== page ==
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Old 12-31-2008, 07:15 PM   #16
smilin jack
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Location: Lebanon Oregon
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Cheap fuel cans

Hey, I've had real good luck getting the 1 gallon used oil jugs (blue RP Delo) from friends that drive diesel trucks. The jugs strap on the front fender or tie two together to make saddle bags with a bungee to keep them from bouncing off the rack.

I used a wire cage from a deep freezer to hold several on my ATC 110 when we went moose hunting near Hatcher Pass, AK. My brother lives there.

I also have tied two 2.5 gallon red plastic fuel jugs together to make saddle bags to hang over the Rubbermaid top box.

I'll post a picture of the 2 1/2 gallon lawn mower jug.


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Old 01-02-2009, 04:26 PM   #17
Pedro Navaja
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Read the Angola thread. They used bladders in their saddle bags. After reading the report, I think it was a brilliant idea.

Mike
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Old 01-30-2009, 03:09 PM   #18
alphajory
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One of the last trips i did last year i had the end of a bungee cord go through the gas can on the rack and had fuel leak out over the exhaust. I was able to get off and watch while a plume of white vapor came off the hot exhaust. thankfully no exposition. so what ever you use be wary of leaks.
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Old 01-31-2009, 12:35 PM   #19
Itchykawa
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I plan to use soda bottles on a upcoming trip. I'll only need about 2 liters of extra fuel on one section. I plan to pour it in the tank as soon as I can and then I can just crush the disposable containers and carry them till I get someplace and can dispose of them properly. It seems like the cheapest, easiest solution. They will only need to contain the fuel one time for a couple of hours.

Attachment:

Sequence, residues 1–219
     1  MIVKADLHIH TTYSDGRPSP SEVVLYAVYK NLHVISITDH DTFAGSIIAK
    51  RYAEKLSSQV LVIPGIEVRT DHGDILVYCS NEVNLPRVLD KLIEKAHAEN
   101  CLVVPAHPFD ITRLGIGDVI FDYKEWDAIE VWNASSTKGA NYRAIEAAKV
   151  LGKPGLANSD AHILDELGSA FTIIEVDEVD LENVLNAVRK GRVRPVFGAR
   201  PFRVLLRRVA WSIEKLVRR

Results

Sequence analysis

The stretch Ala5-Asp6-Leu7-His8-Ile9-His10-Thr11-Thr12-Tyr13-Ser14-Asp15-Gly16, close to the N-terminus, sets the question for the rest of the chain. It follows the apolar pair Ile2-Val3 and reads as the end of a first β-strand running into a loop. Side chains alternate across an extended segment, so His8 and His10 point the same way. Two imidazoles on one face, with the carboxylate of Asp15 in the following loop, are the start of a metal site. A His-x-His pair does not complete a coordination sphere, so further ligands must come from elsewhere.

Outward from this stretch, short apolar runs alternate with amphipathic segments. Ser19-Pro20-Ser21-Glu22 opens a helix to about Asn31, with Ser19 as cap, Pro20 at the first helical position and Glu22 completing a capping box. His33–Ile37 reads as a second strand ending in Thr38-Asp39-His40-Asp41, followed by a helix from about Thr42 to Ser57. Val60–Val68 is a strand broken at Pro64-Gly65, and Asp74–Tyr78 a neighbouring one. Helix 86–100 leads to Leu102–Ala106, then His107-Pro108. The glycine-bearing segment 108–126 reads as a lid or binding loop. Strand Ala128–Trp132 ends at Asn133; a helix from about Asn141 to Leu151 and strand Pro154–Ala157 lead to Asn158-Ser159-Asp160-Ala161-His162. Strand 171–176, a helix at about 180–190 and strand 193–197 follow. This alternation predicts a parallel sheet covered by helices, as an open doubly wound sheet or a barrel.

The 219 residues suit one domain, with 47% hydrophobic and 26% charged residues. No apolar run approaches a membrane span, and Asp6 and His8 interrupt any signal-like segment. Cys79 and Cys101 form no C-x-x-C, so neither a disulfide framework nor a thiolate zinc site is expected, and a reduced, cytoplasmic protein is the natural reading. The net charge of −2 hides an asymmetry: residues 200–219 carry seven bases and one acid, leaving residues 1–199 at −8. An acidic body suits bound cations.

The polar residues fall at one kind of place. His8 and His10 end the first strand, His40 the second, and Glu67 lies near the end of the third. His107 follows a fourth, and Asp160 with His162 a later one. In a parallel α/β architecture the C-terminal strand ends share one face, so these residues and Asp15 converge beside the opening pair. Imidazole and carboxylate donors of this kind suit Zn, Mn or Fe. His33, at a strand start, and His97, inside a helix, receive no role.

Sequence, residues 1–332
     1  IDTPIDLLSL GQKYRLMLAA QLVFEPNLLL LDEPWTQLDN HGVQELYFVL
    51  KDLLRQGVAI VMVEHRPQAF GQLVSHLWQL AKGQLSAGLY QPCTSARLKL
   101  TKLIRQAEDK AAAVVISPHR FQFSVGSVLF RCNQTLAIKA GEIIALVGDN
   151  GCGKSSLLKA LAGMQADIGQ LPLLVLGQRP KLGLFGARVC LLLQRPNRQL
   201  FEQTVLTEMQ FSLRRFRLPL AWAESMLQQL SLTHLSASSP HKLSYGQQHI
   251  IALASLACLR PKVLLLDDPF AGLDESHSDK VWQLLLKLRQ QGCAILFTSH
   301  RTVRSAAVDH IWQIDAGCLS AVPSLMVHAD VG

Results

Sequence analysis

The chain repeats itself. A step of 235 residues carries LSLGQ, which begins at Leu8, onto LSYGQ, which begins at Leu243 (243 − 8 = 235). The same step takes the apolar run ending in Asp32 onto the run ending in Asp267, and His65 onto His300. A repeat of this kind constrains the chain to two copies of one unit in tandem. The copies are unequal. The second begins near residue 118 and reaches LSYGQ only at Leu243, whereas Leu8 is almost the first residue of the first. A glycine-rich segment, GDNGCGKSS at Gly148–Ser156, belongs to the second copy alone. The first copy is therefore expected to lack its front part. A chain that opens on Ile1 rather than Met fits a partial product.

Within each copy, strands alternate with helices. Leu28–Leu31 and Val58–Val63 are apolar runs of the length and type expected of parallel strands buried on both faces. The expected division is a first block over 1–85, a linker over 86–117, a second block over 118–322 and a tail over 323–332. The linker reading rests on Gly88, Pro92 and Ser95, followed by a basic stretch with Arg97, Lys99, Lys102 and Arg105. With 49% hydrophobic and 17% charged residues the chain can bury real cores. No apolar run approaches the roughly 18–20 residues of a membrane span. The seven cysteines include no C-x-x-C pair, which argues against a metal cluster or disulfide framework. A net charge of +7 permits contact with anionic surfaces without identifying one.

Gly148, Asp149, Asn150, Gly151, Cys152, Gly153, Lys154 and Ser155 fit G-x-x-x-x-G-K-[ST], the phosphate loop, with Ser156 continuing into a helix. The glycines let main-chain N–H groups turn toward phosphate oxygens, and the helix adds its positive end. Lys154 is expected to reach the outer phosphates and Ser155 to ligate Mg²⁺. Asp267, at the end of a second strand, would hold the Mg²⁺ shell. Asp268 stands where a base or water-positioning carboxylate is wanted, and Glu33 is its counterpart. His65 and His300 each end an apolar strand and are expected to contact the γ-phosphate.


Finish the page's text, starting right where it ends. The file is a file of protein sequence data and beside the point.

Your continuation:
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Old 02-01-2009, 02:24 PM   #20
GiorgioXT
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Quote:
Originally Posted by Itchykawa
I plan to use soda bottles on a upcoming trip. I'll only need about 2 liters of extra fuel on one section.
PET bottles , like Coca-cola ones have no problem with gasoline , the plastic doesn't degrade and could stay there for month.
again, PET milk or fruit juice bottles are even better, since they have a gas-barrier into the material and normally a bigger mouth that makes easier to fill, sometimes are also squared .
Again : 5 2-Litres bottles takes more time to store, but you may distrubuite the weight and you wont loosa all your fuel as happens when you crash a canister ...
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Old 02-02-2009, 01:26 AM   #21
Just4fun2
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I am thinking on going thid route.
http://www.nomadtanks.com.au/Tanks.php

7.5 liter tank for $175.00 shipped to Oregon.
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Old 02-04-2009, 04:25 PM   #22
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http://www.bestrestproducts.com/c-114-pegpacker.aspx
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Old 02-04-2009, 04:40 PM   #23
Buzzez
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I've since turn the tank length ways. I feel it works better that way.
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Old 02-04-2009, 05:27 PM   #24
Macadam Drifter
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I know this will not appeal to everybody. But my solution is to carry all my gear in a single wheel trailer, keep the bike light, drop off trailer at a base camp, explore, move on. The fuel tanks give me good loiter time without having to drive out for gas.